• The Report concluded that the actuarial present value of projected contributions, trust income, and assets, in excess of the statutory reserve, exceeded the actuarial present value of the projected benefits. Consequently, no change in benefits or contributions was required.
• We examined the assumptions in the Retiree Health Care Trust’s Actuarial Valuation Report and found that they were not unreasonable in the aggregate.
REGIONAL OFFICES OF EDUCATION AUDITS
In addition to other duties, the Auditor General has the responsibility for annual audits of the financial statements of all accounts, funds, and other moneys in the care, custody, or control of the regional superintendent of schools of each educational service region in the State. There were a total of 47 Fiscal Year 2012 audits to be conducted: 44 of Regional Offices of Education (ROEs) and 3 of Intermediate Service Centers (ISCs.)
Our Office arranged for auditing firms to perform these audits under the general direction and management of the Auditor General’s audit managers. The ROE audits released in 2013 contained a total of 91 recommendations for improvement. Most of the recommendations dealt with the Regional Offices not having sufficient internal controls, including controls over their financial reporting processes.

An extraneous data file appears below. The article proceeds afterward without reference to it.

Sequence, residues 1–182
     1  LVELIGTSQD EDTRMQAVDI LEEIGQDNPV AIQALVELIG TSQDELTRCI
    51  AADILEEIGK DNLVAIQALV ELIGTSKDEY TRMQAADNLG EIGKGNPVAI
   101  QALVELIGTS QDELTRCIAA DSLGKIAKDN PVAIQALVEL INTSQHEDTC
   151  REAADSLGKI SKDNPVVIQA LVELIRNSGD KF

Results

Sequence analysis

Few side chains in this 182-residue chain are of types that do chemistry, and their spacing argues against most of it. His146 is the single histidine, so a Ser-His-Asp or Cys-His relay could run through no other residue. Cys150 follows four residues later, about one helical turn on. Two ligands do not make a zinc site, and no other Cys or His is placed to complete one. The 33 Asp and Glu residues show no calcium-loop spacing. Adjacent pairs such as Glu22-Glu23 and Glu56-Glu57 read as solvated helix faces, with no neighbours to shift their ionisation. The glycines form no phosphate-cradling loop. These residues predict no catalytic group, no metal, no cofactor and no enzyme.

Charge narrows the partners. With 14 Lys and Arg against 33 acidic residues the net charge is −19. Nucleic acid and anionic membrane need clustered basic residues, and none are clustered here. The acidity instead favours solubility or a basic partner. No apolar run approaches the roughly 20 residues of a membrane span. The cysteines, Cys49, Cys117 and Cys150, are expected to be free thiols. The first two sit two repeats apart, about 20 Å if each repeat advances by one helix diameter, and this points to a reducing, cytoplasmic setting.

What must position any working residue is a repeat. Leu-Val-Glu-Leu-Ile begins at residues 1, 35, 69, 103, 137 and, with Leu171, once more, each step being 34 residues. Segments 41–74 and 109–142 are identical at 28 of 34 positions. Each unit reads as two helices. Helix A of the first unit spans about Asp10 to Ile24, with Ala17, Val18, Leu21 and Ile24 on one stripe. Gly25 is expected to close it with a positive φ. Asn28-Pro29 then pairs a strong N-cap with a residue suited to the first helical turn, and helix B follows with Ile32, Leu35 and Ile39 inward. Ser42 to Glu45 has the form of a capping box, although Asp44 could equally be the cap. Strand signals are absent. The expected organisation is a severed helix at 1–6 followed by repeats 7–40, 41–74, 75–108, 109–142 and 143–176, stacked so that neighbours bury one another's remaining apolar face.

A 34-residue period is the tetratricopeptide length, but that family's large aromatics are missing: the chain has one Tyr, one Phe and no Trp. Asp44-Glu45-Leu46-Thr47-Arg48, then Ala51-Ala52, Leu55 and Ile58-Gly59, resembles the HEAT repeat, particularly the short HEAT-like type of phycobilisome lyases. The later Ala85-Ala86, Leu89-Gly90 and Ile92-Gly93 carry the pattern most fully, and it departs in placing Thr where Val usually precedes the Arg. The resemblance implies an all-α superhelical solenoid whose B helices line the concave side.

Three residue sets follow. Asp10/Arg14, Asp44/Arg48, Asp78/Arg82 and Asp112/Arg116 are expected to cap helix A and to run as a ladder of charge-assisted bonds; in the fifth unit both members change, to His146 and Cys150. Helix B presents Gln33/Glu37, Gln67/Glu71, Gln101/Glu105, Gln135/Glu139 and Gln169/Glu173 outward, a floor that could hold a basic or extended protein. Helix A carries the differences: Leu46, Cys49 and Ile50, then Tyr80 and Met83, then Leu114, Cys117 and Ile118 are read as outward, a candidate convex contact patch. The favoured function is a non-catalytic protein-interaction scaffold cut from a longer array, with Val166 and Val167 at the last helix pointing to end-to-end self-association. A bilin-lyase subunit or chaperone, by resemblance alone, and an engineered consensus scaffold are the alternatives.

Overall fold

Performance Audits in Progress
NEIGHBORHOOD RECOVERY INITIATIVE
House Resolution 1110 directs the Auditor General to conduct a performance audit of the State moneys provided by or through the Illinois Violence Prevention Authority (Authority) to the Neighborhood Recovery Initiative (Initiative) under contracts or grant agreements in Fiscal Year 2011 and in Fiscal Year 2012. The audit is to determine:
• The purposes for which State moneys were provided to the Authority for the Neighborhood Recovery Initiative;
• The relationship between the Safety Net Works program and the Initiative;
• The nature and extent of monitoring by the Authority of how the Initiative used the State-provided moneys and whether certain residential communities of similar crime rates were excluded;
• The actual use of the State moneys by the Authority, including the identity of any sub-recipients and the amounts and purposes for employment;
• The number of positions paid through the Initiative by organizational unit, job title, function, and salary and whether employees completed and filled out appropriate timesheets;
• The number of positions supervised or managed by each management position and whether any of those employees are supervised or managed by more than one management position;
• Whether, through a review of available documentation, the Initiative has met or is meeting the purposes for which the State moneys were provided, with specific information concerning the Initiative staffing levels, hiring procedures, and its compensation of employees; and,